Water in the basement

I have my shop in my basement. It's a small ranch, wish it was a walk out.
Anyway, I have never had water in the basement before this weekend. It's a finished basement, sheetrock and insulation. Originally for my son to play in, then it morphed from a small shop to the whole basement.
Well I have ripped out the bottom of the walls and glass batts to stop the mold. I am airing out, and thanks to a moisture meter, I can tell I'm doing better. It will take a while.. Some of it I didn't get to until today. That was very moldy..
I want to redo the bottom and close it up. Building code here requires the walls be sealed up.
What to do. Sheetrock and fiberglass batts again..
Or something that won't soak up the moisture and require ripping apart. If it happened once, it can again.
Anyone know of a good choice for the bottom of the wall?
That will promote drying, not be a sponge, and not mold over easily. I have cut out the bottom 8" to promote the drying further up... I might have to cut some areas out completely, but 8" seems to be working. The wet stuff higher up is drying out mostly.
Most all my tools survived unscathed.. I haven't looked under the jointer, bandsaw.. to see if they are rusting out the bottom...
Some wood was damaged, my new bench was damaged by dirty water. It was a piece of furniture, now its just a workbench.. (well it always was a workbench, it just looked so good before the dirty water stained the legs.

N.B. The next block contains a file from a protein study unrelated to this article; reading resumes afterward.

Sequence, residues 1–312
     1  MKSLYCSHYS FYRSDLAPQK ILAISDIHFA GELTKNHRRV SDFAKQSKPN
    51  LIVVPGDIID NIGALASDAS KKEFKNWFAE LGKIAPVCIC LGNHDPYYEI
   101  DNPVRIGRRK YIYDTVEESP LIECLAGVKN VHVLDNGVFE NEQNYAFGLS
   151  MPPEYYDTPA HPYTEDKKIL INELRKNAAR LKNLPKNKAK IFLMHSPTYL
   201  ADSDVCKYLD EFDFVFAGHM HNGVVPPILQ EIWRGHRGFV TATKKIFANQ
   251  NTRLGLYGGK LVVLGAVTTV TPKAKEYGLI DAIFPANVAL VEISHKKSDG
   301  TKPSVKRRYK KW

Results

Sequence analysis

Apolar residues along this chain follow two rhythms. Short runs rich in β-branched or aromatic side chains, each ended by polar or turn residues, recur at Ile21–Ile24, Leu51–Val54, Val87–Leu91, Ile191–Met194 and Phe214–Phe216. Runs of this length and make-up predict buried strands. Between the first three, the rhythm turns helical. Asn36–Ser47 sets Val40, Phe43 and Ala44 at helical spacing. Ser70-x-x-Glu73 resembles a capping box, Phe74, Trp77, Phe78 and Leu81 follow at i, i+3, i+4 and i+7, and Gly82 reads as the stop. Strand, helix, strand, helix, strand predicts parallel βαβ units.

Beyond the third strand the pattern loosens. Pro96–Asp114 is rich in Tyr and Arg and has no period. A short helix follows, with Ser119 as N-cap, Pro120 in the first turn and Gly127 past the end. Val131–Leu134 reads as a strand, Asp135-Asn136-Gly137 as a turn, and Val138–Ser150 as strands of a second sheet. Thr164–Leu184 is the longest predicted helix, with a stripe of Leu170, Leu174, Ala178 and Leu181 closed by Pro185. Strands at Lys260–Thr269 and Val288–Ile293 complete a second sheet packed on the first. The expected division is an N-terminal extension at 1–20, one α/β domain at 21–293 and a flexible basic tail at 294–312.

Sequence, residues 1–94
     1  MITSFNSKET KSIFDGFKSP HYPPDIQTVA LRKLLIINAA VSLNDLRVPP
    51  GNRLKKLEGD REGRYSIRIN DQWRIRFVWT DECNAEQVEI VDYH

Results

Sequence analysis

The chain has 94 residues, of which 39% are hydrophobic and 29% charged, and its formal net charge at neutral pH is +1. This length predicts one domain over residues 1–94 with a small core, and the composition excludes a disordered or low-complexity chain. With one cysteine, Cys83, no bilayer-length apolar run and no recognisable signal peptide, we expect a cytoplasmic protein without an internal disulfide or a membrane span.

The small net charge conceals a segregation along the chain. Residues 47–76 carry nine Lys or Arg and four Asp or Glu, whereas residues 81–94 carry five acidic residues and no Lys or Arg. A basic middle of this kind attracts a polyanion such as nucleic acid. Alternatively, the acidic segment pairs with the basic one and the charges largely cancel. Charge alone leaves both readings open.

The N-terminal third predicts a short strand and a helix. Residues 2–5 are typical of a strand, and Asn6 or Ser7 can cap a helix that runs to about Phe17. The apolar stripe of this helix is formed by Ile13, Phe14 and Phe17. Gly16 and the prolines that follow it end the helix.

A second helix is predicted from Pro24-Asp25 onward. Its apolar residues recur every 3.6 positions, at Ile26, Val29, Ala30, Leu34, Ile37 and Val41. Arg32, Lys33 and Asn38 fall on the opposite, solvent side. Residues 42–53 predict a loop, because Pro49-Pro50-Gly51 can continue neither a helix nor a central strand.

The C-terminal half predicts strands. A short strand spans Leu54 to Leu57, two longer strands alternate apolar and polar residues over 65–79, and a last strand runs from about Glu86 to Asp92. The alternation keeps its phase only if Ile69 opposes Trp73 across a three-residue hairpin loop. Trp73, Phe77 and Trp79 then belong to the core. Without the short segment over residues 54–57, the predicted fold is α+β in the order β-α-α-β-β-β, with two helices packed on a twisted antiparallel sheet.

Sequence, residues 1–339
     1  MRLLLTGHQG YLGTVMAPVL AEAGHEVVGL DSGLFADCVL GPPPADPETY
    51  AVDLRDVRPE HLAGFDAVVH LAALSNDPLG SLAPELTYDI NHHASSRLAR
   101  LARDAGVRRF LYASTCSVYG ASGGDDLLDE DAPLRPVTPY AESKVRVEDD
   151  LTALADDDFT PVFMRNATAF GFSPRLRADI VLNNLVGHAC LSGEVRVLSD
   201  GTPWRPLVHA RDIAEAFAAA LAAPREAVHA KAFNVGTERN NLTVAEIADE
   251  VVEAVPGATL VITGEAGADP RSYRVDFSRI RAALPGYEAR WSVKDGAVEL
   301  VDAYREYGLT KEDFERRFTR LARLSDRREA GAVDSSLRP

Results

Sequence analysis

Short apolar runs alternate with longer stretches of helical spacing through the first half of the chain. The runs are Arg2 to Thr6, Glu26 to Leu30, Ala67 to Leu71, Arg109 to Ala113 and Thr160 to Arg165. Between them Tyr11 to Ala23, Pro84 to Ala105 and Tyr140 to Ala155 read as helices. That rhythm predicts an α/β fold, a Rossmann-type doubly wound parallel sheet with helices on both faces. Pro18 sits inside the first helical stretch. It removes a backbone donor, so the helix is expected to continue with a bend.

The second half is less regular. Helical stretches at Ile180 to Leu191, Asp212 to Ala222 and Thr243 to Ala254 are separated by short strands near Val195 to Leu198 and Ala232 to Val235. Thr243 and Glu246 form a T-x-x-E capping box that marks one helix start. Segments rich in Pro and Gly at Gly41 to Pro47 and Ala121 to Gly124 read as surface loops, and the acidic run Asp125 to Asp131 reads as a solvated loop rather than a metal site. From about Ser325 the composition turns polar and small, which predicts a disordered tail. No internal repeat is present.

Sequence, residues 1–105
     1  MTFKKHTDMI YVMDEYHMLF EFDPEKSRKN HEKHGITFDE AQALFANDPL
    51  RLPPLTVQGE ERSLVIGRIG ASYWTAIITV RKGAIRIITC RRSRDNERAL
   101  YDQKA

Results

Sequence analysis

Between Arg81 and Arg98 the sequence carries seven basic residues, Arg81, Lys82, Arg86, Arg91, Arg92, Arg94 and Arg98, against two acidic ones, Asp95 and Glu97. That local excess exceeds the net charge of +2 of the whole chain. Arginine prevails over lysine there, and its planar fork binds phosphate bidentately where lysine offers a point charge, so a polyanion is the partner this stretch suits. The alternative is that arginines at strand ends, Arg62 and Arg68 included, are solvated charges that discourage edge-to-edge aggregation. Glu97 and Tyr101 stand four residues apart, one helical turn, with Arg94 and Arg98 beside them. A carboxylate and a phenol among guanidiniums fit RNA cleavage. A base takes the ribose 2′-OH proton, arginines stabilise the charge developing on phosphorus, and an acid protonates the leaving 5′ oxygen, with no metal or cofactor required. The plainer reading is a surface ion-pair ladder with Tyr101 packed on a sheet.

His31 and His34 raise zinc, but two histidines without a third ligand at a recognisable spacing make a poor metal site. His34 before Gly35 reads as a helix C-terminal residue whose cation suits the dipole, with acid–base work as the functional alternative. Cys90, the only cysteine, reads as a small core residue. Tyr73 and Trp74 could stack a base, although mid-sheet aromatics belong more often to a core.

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"tiredofspam" <nospam.nospam.com> wrote in message

Durock (http://www.durocknextgen.com /) or hardiboard. (James Hardie fiber cement backer board) for the lower 2 feet or so of the walls.
Max
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Had that done to us 50 years ago - 6' (2M) flood in the front yard. Water was kept out of the house and that was a task. Sandbags. The shop tables - oak with linoleum on top. They were from a library that got modern tables. The 4x4" legs were nice and strong.
Anyway the tables lost all of the varnish. The linoleum was curled. Tools and stuff in boxes - like a nice set of 35mm movie film was under water.
Oh - did I say we just moved in - half of the stuff was in the back yard.
If you varnish a top - varnish the bottom. Do keep the boards in the same drying percentage. Otherwise they will cup.
The sheetrock - I'd use the blue board that retards or forbids mold. It is used in bathrooms. It won't soak up water like normal sheetrock.
I'd consider using he spray foam that will give you isolation and some water. It seals with closed cells. pricy - about $100 for 100 square ft.
Martin
On 8/31/2011 9:42 PM, tiredofspam wrote:

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On Aug 31, 7:42 pm, tiredofspam <nospam.nospam.com> wrote:

Mould is bad, you need to disinfect it otherwise it will always be there and could cause respiratory problems. Spray with bleach or there are other products out there. Just letting it dry out is not good enough. I am not talking out of my arse here, I do work for various Yukon government departments and specialize in housing economics. We have serious mould problems in the Yukon in houses with inadequate vapour barriers. and it's usually very expensive to fix.